For Hoshur, this event was less about terrorism – as the Chinese government asserts – and more about the desperate acts of another politically disenchanted Uighur.  While Hoshur is careful to say this is not organized violence (this would hurt the cause for Uighur independence), he also elevated it from mere spiteful acts of pitiful personal grievance (this would be uninteresting) to a symbolic peoples’ revolt (this is the happy, sweet medium).

Hoshur’s article is copied below: Continue reading The Justification of Violence and Terrorism?

Opinion: Is It Time Magazine that doesn’t understand Capitalism or China?

consumer powerTime recently published an article titled “How a Starbucks Latte Shows China Doesn’t Understand Capitalism” on the attention the Chinese government appears to be bringing to the practice of foreign companies overcharging Chinese consumers. According to Time, the government in doing this shows it doesn’t understand capitalism, ought to back off, and let the market reach a proper price.

The article asserts:

The bottom line is this: Companies will price their products based on what the consumer is willing to pay. That’s nothing illicit. It’s simple supply and demand. If Starbucks lattes were truly overpriced in China, the Chinese wouldn’t be buying as many of them, and the American firm would not have been able to build a successful network of over 1,000 shops in the country.

If foreign companies are engaged in illegal practices, then they should be stopped. But meddling in the pricing decisions of independent private companies is another thing altogether. China’s leaders persistently promise to make the Chinese economy more market-oriented, liberalized and fair. Premier Li Keqiang recently committed the government to “steadfastly pursuing reform and opening-up with priority given to the stimulation of the market.” Interfering with the prices private firms charge Chinese consumers suggests that China’s officials believe that they should make economic decisions, not free markets. Continue reading Opinion: Is It Time Magazine that doesn’t understand Capitalism or China?

Shadows of Censorship? Really???

public opinion analystTwo weeks back, Russia Today broke a story with the title “China employs 2 million analysts to monitor web activity.”  From that, we get a plethora of dark articles about how bad the Chinese government is.  For example, from the BBC, we get an article titled “China employs two million microblog monitors state media say“:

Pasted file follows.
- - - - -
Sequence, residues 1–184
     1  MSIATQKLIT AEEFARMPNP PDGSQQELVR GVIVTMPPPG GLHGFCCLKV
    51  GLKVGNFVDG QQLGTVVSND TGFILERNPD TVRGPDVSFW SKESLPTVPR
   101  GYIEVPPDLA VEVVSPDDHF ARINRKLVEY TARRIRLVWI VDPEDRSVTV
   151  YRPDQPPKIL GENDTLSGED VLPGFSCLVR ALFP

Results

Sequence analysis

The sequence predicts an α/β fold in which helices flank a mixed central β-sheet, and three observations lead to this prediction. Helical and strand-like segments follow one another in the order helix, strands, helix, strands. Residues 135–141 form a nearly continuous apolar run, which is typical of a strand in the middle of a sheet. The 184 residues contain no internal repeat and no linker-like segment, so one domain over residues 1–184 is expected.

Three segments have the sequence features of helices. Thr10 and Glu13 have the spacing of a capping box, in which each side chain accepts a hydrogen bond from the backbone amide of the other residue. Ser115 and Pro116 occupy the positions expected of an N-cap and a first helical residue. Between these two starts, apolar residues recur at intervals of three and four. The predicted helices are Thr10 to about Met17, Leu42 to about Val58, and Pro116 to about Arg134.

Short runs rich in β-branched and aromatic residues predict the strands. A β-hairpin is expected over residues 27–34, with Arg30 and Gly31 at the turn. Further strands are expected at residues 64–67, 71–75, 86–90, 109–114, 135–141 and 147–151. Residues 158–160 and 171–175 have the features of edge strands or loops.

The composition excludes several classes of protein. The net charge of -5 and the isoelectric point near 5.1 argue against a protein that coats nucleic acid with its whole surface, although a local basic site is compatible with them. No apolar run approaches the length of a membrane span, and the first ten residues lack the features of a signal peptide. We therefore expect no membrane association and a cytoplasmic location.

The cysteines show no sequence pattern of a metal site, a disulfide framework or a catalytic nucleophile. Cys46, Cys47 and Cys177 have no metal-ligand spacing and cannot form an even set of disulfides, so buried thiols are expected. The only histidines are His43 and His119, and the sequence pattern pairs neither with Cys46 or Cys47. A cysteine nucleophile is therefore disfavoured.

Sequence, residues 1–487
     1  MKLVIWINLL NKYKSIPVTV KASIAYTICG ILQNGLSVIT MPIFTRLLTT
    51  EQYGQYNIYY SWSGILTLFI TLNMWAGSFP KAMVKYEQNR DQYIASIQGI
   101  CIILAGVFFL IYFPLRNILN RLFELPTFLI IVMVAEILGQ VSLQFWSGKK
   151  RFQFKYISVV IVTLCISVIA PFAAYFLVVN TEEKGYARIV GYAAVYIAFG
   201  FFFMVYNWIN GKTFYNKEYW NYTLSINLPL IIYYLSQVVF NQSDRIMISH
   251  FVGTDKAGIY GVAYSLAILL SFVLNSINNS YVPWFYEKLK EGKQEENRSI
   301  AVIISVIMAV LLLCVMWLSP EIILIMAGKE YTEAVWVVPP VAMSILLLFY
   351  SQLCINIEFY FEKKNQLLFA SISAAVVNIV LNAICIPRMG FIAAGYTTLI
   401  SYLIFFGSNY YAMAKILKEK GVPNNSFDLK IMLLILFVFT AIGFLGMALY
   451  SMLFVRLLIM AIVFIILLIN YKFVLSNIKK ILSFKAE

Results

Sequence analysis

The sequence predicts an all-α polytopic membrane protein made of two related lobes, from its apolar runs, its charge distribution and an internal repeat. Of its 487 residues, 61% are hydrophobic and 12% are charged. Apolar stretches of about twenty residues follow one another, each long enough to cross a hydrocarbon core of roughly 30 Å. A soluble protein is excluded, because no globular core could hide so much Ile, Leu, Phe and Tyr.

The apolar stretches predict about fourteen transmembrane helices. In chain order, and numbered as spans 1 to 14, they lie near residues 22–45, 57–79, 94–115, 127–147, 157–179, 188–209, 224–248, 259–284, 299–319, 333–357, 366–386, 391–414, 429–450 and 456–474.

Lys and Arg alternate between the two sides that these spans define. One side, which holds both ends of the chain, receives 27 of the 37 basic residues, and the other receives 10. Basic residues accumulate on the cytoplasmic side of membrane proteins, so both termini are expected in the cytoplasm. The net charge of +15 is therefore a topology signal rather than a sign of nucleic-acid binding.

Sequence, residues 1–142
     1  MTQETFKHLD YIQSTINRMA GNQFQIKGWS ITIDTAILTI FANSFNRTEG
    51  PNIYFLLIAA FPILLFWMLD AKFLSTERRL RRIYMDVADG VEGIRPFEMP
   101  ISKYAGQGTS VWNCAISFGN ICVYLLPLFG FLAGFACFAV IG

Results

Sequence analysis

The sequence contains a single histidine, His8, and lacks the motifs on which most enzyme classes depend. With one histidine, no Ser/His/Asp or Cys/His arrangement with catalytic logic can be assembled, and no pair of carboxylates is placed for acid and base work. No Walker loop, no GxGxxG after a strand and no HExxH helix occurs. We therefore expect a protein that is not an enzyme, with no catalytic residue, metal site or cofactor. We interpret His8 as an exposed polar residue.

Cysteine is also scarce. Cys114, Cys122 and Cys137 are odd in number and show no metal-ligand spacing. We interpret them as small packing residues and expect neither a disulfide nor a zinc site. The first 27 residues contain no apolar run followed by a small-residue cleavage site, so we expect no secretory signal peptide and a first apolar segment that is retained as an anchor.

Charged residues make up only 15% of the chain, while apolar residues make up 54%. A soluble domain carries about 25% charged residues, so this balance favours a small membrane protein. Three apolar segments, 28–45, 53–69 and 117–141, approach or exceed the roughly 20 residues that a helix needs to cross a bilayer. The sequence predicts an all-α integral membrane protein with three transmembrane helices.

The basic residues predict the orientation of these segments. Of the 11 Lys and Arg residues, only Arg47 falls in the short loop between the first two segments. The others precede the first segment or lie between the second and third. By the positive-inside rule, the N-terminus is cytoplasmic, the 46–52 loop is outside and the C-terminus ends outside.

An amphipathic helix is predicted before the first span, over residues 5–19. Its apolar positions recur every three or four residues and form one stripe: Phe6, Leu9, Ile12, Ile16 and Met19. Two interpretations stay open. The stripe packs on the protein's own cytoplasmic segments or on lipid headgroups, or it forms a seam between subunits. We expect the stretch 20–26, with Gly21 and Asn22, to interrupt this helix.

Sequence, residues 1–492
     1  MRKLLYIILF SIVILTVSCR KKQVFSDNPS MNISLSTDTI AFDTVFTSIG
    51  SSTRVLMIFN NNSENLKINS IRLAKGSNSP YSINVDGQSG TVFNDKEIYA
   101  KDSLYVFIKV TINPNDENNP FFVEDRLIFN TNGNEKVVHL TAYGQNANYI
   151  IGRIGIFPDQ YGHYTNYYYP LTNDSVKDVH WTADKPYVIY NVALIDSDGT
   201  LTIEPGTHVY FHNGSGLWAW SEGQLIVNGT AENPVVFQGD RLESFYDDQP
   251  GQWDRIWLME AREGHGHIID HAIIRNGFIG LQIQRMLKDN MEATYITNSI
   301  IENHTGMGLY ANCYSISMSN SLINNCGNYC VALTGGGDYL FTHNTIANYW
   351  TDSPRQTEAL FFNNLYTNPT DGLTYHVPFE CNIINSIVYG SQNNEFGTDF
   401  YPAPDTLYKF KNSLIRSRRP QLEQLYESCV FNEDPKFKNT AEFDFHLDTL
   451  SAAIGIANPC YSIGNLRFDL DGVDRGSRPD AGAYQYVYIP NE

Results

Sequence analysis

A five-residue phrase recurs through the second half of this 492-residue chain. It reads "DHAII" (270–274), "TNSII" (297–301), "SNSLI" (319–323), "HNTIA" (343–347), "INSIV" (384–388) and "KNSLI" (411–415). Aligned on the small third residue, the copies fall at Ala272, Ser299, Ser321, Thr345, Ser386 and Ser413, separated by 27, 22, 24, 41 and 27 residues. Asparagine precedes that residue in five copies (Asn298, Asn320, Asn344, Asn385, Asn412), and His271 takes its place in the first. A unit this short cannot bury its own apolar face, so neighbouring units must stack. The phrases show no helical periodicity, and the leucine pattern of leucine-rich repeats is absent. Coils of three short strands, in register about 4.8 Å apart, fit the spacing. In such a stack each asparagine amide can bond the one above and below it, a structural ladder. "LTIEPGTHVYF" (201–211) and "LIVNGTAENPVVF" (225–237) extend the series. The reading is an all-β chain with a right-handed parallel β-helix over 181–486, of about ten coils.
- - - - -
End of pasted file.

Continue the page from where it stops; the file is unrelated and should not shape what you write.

More than two million people in China are employed by the government to monitor web activity, state media say, providing a rare glimpse into how the state tries to control the internet.

China’s hundreds of millions of web users increasingly use microblogs to criticise the state or vent anger.

Recent research suggested Chinese censors actively target social media. Continue reading Shadows of Censorship? Really???

领导人是怎样炼成的 – How Leaders are Made

I wanted to share a video that has gone viral on Youku, and has gotten the attention of western outlets such as Time Magazine, which will no doubt attract ample amounts of sneers and visceral comments from the West. I’m posting both the English (Youtube) and Chinese (Youku) versions, for everyone’s convenience.

http://www.youtube.com/watch?v=6BosGD5Bk98

http://v.youku.com/v_show/id_XNjIzMTk1NTQ4.html

 

Opinion: On Bo Xilai and Rule of Law

Chief Judge Wang Xuguang reads the verdict. Photo: AP
Chief Judge Wang Xuguang reads the verdict. Photo: AP

This past weekend, the Jinan Intermediate People’s Court found Bo Xilai guilty bribetaking, embezzlement and abuse of power.  The trial has been widely publicized and discussed in China, with netizens on the blogsphere commenting from almost every angle, some in support of Bo, some in disgust of his alleged actions, and others neutral and looking at the bigger picture (see e.g. also this report).  South China Morning Post has this short summary of the court’s point-by-point verdict against Bo.

The Jinan Intermediate People’s Court accepted just two of the points former Chongqing party chief Bo Xilai made in his defence as it jailed him for life yesterday. The court, in a transcript released on its official weibo account, set out its point-by-point rebuttal of Bo’s defence. It also detailed ways in which he abused his power after the crimes of his wife, Gu Kailai, and the attempted defection to the US by his key lieutenant, Wang Lijun.

Rejected argument

Bo’s claim: I confessed under duress.

The court said: Under Chinese law, the use of corporal punishment, corporal punishment in disguised form, or spiritual torture to interrogate and extort confessions is illegal. The “pressure” Bo faced did not involve any such act.

Bo’s claim: I did not know that [Dalian -based billionaire] Xu Ming was paying the expenses for my wife and son [Bo Guagua].

The court said: Bo’s denial in court is invalid as his written statements before the trial matched the testimony of Xu Ming and others, showing he not only knew that Xu Ming was financing Bo Guagua’s study abroad but also understood well their deal – exchanging power for money. Whether Bo knows the exact amount or not makes no difference.

Bo’s claim: I had no knowledge of the villa in France [bought on behalf of Bo’s family with cash from Xu Ming].

The court said: Bo mentioned the villa in his statements before the court heard evidence and testimony from others, ruling out the possibility that he was forced to confess on the point. Continue reading Opinion: On Bo Xilai and Rule of Law